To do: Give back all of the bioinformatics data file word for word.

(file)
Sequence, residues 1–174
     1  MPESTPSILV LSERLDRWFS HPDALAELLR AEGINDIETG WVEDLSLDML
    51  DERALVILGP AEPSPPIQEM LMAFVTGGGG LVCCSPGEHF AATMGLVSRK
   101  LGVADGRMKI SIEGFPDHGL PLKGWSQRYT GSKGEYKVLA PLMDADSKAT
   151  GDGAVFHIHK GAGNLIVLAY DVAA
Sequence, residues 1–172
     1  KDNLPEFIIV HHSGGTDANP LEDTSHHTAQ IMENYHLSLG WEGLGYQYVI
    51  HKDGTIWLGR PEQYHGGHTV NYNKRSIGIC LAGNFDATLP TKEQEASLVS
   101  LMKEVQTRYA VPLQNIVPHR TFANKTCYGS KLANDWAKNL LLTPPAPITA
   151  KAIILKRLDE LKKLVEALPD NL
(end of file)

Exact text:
Sequence, residues 1–174
     1  MPESTPSILV LSERLDRWFS HPDALAELLR AEGINDIETG WVEDLSLDML
    51  DERALVILGP AEPSPPIQEM LMAFVTGGGG LVCCSPGEHF AATMGLVSRK
   101  LGVADGRMKI SIEGFPDHGL PLKGWSQRYT GSKGEYKVLA PLMDADSKAT
   151  GDGAVFHIHK GAGNLIVLAY DVAA
Sequence, residues 1–172
     1  KDNLPEFIIV HHSGGTDANP LEDTSHHTAQ IMENYHLSLG WEGLGYQYVI
    51  HKDGTIWLGR PEQYHGGHTV NYNKRSIGIC LAGNFDATLP TKEQEASLVS
   101  LMKEVQTRYA VPLQNIVPHR TFANKTCYGS KLANDWAKNL LLTPPAPITA
   151  KAIILKRLDE LKKLVEALPD NL